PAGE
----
Fight trade in rhino horn ‘at all costs’

Owner makes im­pas­sioned plea to Cites con­fer­ence

Weekend Argus (Saturday Edition) - - FRONT PAGE - SHEREE BEGA

COLIN Bell knew the pro-traders in the con­fer­ence room were shoot­ing dag­gers at him.

“Come, I’m ready for you,” he told them. “You know, we should be work­ing to­gether. But in­stead we’re hav­ing these di­vi­sive talks about how we should be han­dling our rhi­nos and trad­ing in their horn.”

Bell, him­self a rhino owner, claimed a “sliver” of South Africa’s rhino own­ers were push­ing for a le­gal rhino horn trade and fu­elling “myths” about how the global 40-year ban on rhino horn trade had failed.

“At the mo­ment their rhino horn is worth zero. If they can per­suade the world to go and have trade legalised, their horn is worth bil­lions… Don’t give me the story that trade bans never worked. They do work.”

He was speak­ing on the side­lines of Cites CoP17, a global wildlife con­fer­ence which reg­u­lates trade in en­dan­gered species, held in Sand­ton this week, where more than 3 000 del­e­gates held the fate of the world’s threat­ened wildlife – in­clud­ing rhi­nos and ele­phants – in their hands.

Bell urged South Africa’s au­thor­i­ties to aban­don any no­tion of a le­gal rhino horn trade in the fu­ture.

“Please, for san­ity, elim­i­nate all poli­cies that men­tion trade. Stop send­ing mixed mes­sages to the Far East and our rhi­nos will have a chance. The only peo­ple ben­e­fit­ing is the il­le­gal poach­ing syn­di­cates who thrive on our con­fu­sion.”

En­vi­ron­men­tal ac­tivists and some con­ser­va­tion­ists main­tain le­gal trade in farmed rhi­nos won’t save them, cit­ing how the com­mer­cial farm­ing of tigers and bears has not saved them in the wild.

But Wi­aan van der Linde, of Wildlife Ranch­ing SA, said Cites must re­main true to its orig­i­nal aim of en­sur­ing the sus­tain­able use of species and ecosys­tems, “which sup­port mil­lions of ru­ral com­mu­ni­ties and ma­jor in­dus­tries”.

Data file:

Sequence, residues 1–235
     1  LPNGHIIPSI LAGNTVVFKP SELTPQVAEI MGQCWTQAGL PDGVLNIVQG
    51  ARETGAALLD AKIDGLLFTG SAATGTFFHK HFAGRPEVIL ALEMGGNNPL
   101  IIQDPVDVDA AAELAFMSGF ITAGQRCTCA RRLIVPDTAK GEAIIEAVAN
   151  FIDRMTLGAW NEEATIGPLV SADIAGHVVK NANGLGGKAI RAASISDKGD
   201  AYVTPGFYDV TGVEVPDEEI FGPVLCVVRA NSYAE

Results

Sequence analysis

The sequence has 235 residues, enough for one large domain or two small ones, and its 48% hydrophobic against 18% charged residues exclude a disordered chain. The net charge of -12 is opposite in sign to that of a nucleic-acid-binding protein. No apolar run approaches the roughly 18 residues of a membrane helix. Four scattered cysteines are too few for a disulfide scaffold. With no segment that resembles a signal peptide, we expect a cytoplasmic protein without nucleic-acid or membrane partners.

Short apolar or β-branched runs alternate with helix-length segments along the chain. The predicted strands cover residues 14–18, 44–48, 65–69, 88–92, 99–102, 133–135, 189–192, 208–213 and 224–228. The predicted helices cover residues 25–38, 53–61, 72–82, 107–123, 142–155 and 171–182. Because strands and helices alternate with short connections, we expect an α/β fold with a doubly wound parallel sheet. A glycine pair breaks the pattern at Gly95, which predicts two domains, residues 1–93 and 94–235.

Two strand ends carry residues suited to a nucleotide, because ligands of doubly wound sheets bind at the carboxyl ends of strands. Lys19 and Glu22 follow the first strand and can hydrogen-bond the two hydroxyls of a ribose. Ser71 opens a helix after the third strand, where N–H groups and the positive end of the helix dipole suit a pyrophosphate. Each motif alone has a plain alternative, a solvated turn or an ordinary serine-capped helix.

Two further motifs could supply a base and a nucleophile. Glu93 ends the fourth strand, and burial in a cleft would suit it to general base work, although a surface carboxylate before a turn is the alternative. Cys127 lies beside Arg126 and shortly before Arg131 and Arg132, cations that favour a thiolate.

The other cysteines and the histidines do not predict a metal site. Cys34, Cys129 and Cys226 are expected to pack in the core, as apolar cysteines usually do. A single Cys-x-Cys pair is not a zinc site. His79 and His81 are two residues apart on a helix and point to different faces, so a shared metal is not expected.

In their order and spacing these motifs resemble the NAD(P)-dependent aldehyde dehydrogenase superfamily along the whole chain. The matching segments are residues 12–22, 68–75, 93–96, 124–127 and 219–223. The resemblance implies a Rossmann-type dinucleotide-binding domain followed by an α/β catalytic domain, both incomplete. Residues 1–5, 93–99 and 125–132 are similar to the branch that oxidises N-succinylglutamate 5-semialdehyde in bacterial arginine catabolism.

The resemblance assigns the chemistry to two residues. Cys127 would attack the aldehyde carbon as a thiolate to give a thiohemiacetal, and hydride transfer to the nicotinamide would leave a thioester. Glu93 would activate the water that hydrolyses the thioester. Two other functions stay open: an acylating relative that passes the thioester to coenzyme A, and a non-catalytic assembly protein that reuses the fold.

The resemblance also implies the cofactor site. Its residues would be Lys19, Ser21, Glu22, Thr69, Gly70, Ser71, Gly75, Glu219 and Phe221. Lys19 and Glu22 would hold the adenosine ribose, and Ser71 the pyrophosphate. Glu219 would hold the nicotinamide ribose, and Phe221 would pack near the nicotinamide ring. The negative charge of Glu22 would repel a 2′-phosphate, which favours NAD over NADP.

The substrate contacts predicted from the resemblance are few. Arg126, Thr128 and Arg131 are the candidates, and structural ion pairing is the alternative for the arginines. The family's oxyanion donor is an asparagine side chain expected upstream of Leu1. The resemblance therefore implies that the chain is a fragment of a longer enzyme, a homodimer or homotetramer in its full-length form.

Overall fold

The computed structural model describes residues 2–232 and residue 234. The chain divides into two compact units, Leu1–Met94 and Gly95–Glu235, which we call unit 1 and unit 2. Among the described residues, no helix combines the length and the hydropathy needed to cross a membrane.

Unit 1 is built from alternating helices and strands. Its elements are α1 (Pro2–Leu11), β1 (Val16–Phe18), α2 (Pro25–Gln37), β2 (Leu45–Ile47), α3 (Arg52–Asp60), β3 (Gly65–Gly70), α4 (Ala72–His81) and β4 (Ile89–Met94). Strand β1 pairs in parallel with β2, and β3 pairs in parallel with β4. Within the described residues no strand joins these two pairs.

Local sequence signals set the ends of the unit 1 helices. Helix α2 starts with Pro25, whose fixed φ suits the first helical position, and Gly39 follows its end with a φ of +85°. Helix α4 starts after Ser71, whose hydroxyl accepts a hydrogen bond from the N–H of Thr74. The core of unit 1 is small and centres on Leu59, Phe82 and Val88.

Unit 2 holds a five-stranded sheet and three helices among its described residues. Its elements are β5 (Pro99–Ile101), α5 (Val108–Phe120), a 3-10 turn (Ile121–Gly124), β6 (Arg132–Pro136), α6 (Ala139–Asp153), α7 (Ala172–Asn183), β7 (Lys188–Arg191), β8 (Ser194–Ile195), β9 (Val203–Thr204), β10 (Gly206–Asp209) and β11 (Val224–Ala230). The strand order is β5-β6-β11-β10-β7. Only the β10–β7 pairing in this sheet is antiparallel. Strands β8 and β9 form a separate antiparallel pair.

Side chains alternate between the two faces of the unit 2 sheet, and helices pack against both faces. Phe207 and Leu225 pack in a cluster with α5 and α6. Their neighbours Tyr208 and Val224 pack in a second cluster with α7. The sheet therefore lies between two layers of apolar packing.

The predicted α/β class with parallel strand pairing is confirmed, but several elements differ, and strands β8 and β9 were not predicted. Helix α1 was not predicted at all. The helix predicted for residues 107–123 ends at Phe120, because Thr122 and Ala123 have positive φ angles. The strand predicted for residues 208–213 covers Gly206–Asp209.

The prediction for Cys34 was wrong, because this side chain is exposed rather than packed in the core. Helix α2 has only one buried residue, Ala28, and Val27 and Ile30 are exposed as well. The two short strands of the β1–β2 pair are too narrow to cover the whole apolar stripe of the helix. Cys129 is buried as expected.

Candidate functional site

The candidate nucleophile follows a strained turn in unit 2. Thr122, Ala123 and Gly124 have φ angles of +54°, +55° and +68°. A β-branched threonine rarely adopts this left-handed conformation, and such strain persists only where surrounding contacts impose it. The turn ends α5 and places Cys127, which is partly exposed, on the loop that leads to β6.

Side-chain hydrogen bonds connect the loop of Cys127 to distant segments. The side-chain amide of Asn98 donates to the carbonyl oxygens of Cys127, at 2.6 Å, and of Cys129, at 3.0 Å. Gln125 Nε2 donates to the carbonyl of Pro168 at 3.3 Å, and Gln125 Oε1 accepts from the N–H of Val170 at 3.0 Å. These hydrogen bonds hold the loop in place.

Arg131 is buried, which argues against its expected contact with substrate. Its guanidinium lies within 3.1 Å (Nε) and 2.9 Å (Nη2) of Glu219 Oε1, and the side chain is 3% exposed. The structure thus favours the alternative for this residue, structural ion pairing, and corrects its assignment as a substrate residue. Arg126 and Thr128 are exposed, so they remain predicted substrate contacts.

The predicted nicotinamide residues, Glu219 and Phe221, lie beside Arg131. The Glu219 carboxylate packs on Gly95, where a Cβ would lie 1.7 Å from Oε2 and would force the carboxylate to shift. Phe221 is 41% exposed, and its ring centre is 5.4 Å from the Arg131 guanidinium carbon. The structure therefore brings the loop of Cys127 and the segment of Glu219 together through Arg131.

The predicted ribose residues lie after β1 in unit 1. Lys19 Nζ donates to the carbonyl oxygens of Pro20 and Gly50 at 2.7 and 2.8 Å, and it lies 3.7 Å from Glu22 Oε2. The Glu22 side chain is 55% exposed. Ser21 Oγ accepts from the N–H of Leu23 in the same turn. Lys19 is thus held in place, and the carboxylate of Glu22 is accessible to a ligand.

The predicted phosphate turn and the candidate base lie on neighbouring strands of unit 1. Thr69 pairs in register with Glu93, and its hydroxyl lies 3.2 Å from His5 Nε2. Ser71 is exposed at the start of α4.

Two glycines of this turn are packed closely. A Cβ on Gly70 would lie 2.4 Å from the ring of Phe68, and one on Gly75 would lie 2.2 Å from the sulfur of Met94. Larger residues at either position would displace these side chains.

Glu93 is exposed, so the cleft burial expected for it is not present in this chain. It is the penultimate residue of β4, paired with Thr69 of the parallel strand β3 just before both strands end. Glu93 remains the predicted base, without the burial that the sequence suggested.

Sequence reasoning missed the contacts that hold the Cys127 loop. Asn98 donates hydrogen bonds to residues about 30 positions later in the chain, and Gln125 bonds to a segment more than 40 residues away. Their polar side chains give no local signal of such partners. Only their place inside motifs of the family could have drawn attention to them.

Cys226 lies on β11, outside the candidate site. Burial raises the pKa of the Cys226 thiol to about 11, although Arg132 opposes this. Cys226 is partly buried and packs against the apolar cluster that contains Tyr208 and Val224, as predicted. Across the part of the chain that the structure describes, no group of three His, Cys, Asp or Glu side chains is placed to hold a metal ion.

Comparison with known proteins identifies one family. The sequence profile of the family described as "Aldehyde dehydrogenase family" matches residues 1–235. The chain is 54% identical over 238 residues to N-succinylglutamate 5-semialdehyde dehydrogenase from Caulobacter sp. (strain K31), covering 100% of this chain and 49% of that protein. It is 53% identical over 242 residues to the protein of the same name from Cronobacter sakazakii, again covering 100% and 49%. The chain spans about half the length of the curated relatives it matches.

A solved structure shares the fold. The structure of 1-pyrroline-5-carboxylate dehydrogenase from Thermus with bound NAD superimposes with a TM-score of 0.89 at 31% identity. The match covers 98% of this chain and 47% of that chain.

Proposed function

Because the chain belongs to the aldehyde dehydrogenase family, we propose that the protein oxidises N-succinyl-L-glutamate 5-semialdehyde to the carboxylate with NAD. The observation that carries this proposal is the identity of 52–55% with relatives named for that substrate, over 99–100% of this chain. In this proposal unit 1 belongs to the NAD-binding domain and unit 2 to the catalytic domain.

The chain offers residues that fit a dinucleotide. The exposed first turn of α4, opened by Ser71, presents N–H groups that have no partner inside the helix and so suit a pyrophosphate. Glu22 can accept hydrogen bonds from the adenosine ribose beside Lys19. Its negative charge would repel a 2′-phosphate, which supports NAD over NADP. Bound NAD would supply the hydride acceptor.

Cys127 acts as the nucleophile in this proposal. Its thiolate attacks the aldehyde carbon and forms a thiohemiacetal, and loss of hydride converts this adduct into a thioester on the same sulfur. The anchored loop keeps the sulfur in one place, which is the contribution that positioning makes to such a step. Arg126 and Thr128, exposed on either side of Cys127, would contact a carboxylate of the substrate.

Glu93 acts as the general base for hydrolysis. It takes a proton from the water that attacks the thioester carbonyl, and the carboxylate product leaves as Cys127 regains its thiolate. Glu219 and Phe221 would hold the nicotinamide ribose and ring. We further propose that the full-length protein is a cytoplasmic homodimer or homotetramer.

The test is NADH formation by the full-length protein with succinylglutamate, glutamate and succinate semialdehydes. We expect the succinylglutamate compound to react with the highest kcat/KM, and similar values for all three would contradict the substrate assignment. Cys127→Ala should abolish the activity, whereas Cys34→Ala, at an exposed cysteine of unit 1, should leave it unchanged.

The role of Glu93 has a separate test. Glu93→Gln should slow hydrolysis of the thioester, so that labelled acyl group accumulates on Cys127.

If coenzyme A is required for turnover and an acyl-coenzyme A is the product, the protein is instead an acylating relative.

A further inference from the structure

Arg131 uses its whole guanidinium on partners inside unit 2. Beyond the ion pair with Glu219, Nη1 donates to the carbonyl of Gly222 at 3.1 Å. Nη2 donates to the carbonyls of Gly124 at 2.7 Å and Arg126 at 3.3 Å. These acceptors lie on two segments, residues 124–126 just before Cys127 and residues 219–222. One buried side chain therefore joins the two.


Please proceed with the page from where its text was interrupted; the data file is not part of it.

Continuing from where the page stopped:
“With few ex­cep­tions, south­ern Africa is the cus­to­dian of the world’s last re­main­ing rhi­nos and so far the re­gion has done an out­stand­ing job of con­serv­ing the species. Sus­tain­able util­i­sa­tion is a pol­icy that has al­lowed south­ern Africa’s ru­ral com­mu­ni­ties to ben­e­fit from wildlife and in the process, has al­lowed peo­ple and wild an­i­mals to live to­gether. It’s high time the pol­icy is ap­plied to rhi­nos. If it’s not, we fear that the next time Cites meets in three years, rhi­nos will only be found in zoos and a few parks.”

The is­sue of trad­ing in rhino horn and con­tro­ver­sial pro­pos­als by Namibia and Zim­babwe, which South Africa sup­ports – to trade in ivory to help con­ser­va­tion ef­forts – have also dom­i­nated talks.

A pro­posal by South Africa, Namibia and Zim­babwe for a de­ci­sion-mak­ing mech­a­nism to be cre­ated to per­mit trade in ivory, was thrown out. About 27 000 ele­phants have been slaugh­tered on the con­ti­nent ev­ery year since 2008, largely for their ivory.

But this week, En­v­i­ron- men­tal Af­fairs Min­is­ter Edna Molewa held a brief­ing at Cites “to let Africa speak”, to­gether with her South­ern African De­vel­op­ment Com­mu­nity coun­ter­parts from Zam­bia, Zim­babwe and Namibia, where they spoke of “eco-ter­ror­ists from Europe” who were fight­ing their poli­cies of sus­tain­able use of wildlife.

She be­lieved there was still hope for a reg­u­lated ivory trade from Cites. “We’d like to re­it­er­ate that is­sues such as our ele­phants, li­ons, hunt­ing tro­phies, or burn­ing stock­piles… All this has to do with our im­por­tant pol­icy en­shrined in our con­sti­tu­tion of sus­tain­able use.”

Anti- trade groups ar­gue lit­tle money flowed into com­mu­ni­ties from SA’s one- off ivory sale in 2008. “Our lo­cal peo­ple have said they are cus­to­di­ans of nat­u­ral re­sources and want to co-ex­ist with wildlife. But they need to ben­e­fit.”

Molewa cited the down­list­ing of the Cape moun­tain ze­bra, whose num­bers have swelled to 5 000, to Ap­pen­dix II of Cites, which would now al­low for the “sus­tain­able off­s­take” of the species.

“Our de­ci­sions at Cites must not be based on emo­tions, but on sci­ence and ev­i­dence.”

Po­hamba Shifeka, the Namib­ian en­vi­ron­ment min­is­ter, said com­mu­ni­ties bore the brunt of wildlife con­flict. “We have an over­pop­u­la­tion of species. We have 22 000 ele­phants in our coun­try, half of it is desert, and con­flict with hu­mans is es­ca­lat­ing. We must ac­knowl­edge the... ef­forts of our com­mu­ni­ties who have given up their land for con­ser­va­tion, have lost their land and their crops, and some­times, even their lives.”

Ac­cor­ing to a Cites del­e­gate a ‘sliver’ of South Africa’s rhino own­ers are push­ing for a le­gal rhino horn trade and fu­elling ‘myths’ about how the global 40-year ban on rhino horn trade has failed.

Min­is­ter of En­vi­ron­men­tal Af­fairs Edna Molewa.

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